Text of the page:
Christian, Culture, nonfiction, Uncategorized

The Benedict Option

benedict option

The Benedict Option, by Rod Dreher, originally published in 2017.

I originally posted this review in January of this year, and am presenting it again with  additional thoughts based on my expended perspective on the issues it explores.

This article,  which I only recently encountered, outlines some concerns about the prospect of Christians fervently embracing The Benedict Option. I think he makes some valid points worthy of consideration. It left me wondering where the perfect balance is between The Benedict Option and the status quo. I concluded that it isn’t so hard to find, at least in this instance.

One of the reasons I read non fiction books is because I hope to learn, discern, and implement things of value from with the pages. Because my life contained precious little extension towards building intentional Christian community outside of Sunday services, I have undertaken what it for me a valiant undertaking: Opening my home up to extend hospitality to my fellow believers at least once a month.

We shall see how that develops, but after the first official event yesterday, and with invitations extended for another, I was reminded of my review of this book and the evolution of my thoughts on the subject. it with this in mind that I am re-running my review of The Benedict Option:

I decided to read this book after about six months of regularly reading Mr. Dreher’s commentary over at his blog on The American Conservative. As such, I approached this entire discussion and exploration of his ideas from a novice perspective. I was unaware that he had been promoting this idea for some time or that it had undergone various iterations over the past few years.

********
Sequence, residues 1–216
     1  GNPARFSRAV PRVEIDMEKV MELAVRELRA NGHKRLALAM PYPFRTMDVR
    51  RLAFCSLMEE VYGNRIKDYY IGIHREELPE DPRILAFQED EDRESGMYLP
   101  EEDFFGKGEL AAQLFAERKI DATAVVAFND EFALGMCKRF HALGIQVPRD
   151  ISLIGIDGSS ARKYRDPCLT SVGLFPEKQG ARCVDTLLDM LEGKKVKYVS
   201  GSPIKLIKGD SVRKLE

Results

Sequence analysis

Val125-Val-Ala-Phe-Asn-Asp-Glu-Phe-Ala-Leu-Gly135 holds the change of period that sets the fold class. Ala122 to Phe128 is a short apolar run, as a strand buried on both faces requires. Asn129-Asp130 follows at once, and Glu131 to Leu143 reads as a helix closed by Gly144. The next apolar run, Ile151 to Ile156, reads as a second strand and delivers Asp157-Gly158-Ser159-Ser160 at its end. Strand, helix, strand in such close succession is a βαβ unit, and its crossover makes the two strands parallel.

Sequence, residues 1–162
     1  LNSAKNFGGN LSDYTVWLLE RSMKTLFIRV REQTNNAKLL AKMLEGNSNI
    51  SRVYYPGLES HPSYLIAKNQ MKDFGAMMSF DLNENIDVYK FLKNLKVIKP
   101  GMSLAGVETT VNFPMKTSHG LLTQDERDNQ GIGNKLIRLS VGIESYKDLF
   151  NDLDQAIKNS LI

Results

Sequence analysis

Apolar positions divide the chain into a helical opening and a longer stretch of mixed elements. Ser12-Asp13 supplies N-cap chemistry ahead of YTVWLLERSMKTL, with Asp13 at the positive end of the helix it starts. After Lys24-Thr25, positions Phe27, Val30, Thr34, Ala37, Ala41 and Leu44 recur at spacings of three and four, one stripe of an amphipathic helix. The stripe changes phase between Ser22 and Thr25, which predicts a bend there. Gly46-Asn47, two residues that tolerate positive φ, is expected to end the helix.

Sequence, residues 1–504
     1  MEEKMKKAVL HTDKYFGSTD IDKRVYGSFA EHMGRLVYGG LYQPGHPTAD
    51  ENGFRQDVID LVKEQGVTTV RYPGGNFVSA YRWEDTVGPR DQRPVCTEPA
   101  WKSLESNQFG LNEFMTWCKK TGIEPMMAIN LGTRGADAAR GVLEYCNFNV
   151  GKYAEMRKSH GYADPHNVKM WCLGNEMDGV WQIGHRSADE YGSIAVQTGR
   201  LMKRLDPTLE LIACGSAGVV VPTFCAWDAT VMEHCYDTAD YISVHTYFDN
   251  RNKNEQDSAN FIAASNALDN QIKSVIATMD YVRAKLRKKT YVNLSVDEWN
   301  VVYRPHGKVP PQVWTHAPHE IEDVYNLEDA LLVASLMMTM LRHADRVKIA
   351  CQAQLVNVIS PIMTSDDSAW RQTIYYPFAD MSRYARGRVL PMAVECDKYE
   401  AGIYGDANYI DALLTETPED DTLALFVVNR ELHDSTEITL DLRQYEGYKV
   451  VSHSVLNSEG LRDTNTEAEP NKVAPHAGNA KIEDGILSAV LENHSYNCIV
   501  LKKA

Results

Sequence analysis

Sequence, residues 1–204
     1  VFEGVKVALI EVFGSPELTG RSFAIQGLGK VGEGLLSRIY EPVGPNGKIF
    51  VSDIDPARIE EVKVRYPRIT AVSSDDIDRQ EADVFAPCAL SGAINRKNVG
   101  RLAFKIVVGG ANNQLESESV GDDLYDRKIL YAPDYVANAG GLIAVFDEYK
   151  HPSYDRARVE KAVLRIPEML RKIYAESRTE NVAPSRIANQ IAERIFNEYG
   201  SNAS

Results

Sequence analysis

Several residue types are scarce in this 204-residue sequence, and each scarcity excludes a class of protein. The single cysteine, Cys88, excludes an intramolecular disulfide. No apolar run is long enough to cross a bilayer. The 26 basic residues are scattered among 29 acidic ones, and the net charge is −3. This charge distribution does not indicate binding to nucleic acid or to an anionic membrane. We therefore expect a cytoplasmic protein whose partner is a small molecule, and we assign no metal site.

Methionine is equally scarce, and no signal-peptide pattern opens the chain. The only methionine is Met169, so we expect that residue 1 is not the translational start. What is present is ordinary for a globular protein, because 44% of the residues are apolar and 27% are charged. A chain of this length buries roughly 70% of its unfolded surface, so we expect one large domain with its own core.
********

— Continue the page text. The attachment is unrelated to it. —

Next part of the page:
I am quite partial to the virtues of seeing a thing through new eyes. It was after all, my husband’s novice, unchurched, untainted conversion to the Christian faith which invigorated my own and showed -embarrassingly so- how little I knew the Bible that I thought I knew so much about.

In the time since I have begun reading Mr. Dreher, I have come to learn that people whose opinions I hold in regard find the sum total Mr. Dreher’s prescription problematic. However, I am going to review this book the way I originally approached it; as a novice to Mr. Dreher’s ideas and solely on the merits of what he offered within its pages.

I begin this review with the same caveat I offered to my Protestant friend before she began it. Namely that Dreher is “big O” Orthodox, and Protestants should appreciate this distinction as they begin his book. There are points and assertions Dreher makes which spring from this base and no doubt would turn off many a Protestant who is unprepared for some of his points.

Overall, however, I think the book and its ideas is worth a look. I suspect many Christians are probably already living loose versions of his idea in their own lives if they haven’t trapped themselves in ideologically driven quarantines from other believers.

In sum, Dreher -in his book at least- proposes that Christians build intentional and separate communities from the larger culture as the cultural ethos grows increasingly hostile to Christian faith and values. It is always best for the reader to do his or her own homework. However, even with a few quibbles here and there, I agree with the general tone and proposal Dreher puts forth. After all the Bible does implore us to come out and be separate, calling us a peculiar people.

A quote: